You might remember when Governor Ronald Reagan inspired the citizens of California to pass property tax reform. Proposition 13 froze assessed values and made sure nobody would pay more than 1% of that value annually in property taxes.
That change lead to an economic boom in California that lasted over two decades, until government interference in the housing market, government overspending and local overregulation brought the California economy to its knees.
With Polk County’s bloated property tax bills hurting our families and stifling economic growth, it’s time that we force our state and county governments to live within their means—just like our families do.
We don’t have to pay additional taxes on our vehicles when we put on new tires or make other repairs, but our county assessor smacks us with a tax bill when we take care of our real estate. Why should a farmer fixing up an old shed, a neighbor replacing his deck, or an uncle building a new garage have to pay more in property taxes?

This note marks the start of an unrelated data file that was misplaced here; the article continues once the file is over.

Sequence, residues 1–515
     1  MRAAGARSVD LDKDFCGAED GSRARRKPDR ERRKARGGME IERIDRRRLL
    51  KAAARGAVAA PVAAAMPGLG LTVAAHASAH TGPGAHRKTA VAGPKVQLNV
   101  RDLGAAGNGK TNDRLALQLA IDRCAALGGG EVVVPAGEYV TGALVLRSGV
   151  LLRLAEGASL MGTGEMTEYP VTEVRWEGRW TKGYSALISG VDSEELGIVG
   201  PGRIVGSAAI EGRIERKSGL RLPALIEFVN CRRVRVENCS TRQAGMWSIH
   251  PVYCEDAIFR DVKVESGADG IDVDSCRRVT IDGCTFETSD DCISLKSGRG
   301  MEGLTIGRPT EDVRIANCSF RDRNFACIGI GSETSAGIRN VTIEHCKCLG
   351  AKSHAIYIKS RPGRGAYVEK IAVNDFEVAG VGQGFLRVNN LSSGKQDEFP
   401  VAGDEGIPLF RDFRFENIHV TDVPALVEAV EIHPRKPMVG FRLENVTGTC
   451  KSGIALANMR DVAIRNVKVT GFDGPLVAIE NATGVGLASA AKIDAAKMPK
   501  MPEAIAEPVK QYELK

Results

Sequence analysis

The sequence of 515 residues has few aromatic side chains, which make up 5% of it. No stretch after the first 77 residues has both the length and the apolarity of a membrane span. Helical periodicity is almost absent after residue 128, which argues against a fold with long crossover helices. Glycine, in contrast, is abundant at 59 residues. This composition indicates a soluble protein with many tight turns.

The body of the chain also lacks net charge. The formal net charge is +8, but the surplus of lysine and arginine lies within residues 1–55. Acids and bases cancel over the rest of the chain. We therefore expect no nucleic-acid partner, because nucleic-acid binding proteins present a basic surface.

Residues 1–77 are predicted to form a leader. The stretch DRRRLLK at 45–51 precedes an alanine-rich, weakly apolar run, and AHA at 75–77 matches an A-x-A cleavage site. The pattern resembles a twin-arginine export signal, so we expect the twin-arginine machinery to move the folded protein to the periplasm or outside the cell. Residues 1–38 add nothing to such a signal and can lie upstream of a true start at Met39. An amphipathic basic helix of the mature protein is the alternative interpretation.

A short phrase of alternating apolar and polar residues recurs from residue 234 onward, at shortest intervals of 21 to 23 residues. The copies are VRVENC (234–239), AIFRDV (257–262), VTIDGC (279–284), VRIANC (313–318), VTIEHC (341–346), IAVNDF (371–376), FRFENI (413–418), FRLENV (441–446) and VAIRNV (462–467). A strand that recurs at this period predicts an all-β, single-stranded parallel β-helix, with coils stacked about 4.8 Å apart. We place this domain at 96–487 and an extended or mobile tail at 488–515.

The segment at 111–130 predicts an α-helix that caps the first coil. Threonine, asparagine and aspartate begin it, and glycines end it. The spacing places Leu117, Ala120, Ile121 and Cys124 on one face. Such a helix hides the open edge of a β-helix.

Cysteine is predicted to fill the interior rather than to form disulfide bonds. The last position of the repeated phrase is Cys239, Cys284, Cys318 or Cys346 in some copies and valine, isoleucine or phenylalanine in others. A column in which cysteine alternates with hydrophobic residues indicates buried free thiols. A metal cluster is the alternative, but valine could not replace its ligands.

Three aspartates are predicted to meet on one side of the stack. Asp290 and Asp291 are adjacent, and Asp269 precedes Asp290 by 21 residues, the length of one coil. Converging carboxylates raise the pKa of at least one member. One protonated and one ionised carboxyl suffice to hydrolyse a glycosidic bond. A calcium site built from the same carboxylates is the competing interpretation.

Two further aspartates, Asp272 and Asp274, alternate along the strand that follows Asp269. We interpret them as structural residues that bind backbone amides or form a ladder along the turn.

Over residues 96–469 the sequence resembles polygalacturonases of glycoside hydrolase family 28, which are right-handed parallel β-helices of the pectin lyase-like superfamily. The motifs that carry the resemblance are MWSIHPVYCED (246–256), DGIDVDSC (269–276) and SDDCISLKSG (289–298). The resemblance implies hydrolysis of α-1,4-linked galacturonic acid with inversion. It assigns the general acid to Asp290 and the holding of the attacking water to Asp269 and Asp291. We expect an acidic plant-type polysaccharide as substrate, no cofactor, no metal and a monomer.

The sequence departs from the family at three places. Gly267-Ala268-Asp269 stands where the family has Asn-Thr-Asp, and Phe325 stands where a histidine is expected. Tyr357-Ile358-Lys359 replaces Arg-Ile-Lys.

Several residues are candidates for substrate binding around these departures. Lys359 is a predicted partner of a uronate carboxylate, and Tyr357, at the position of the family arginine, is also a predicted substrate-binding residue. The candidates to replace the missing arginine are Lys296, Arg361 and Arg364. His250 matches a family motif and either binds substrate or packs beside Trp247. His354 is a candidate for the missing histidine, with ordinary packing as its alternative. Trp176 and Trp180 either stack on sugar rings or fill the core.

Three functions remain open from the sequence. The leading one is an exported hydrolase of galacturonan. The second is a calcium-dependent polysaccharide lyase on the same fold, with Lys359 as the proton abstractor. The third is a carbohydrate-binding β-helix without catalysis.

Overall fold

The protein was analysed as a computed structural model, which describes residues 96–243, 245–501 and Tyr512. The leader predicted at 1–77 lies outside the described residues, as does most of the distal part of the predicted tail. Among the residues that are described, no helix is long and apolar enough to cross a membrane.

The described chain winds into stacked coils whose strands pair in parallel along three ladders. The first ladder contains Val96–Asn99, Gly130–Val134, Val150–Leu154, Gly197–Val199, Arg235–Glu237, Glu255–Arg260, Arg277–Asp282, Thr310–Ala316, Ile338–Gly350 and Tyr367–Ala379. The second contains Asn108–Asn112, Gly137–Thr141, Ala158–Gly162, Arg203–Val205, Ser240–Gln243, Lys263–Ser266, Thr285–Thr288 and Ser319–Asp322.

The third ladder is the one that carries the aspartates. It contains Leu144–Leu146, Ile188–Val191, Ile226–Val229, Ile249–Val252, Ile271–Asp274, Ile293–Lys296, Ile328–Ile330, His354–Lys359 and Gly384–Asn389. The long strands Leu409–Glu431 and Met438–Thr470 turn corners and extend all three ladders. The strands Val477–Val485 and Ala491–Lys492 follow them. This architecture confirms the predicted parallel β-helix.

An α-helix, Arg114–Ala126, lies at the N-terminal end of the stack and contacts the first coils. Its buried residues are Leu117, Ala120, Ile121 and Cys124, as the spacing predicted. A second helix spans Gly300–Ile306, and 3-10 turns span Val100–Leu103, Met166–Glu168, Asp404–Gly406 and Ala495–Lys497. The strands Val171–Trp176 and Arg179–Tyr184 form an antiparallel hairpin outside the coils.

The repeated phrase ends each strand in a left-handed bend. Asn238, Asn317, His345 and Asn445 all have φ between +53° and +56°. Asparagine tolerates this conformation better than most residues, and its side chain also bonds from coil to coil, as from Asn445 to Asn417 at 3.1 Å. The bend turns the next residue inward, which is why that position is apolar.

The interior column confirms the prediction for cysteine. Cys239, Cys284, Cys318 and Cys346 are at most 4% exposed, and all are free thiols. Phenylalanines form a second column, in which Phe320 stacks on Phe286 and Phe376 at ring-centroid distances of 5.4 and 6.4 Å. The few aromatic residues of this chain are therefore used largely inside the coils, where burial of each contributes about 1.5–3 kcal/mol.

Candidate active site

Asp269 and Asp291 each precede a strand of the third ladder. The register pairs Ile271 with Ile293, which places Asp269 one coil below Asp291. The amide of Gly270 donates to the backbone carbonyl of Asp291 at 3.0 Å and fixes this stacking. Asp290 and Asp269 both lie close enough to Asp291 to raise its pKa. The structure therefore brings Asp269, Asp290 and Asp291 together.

Every single day, I talk to concerned voters whose property tax bills have more than doubled despite their falling home, farm and commercial property values. They all tell me one thing: they can’t make heads or tails of the property valuation process. There is no question that Iowans are ready for property tax relief.
As Supervisor, I will lead the fight for an open, fair, and honest valuation process. If we really want to make Iowa a friendly place for businesses and families, we must force our legislature to go on the record about property values. Better yet, let’s allow the people of Iowa to have a say at the voting booth.
A push from local officials through the next two legislative sessions can give Iowans a chance to pass a Constitutional Amendment that will freeze assessed values and light a fire under Iowa’s economy.
Photo by Dave Davidson
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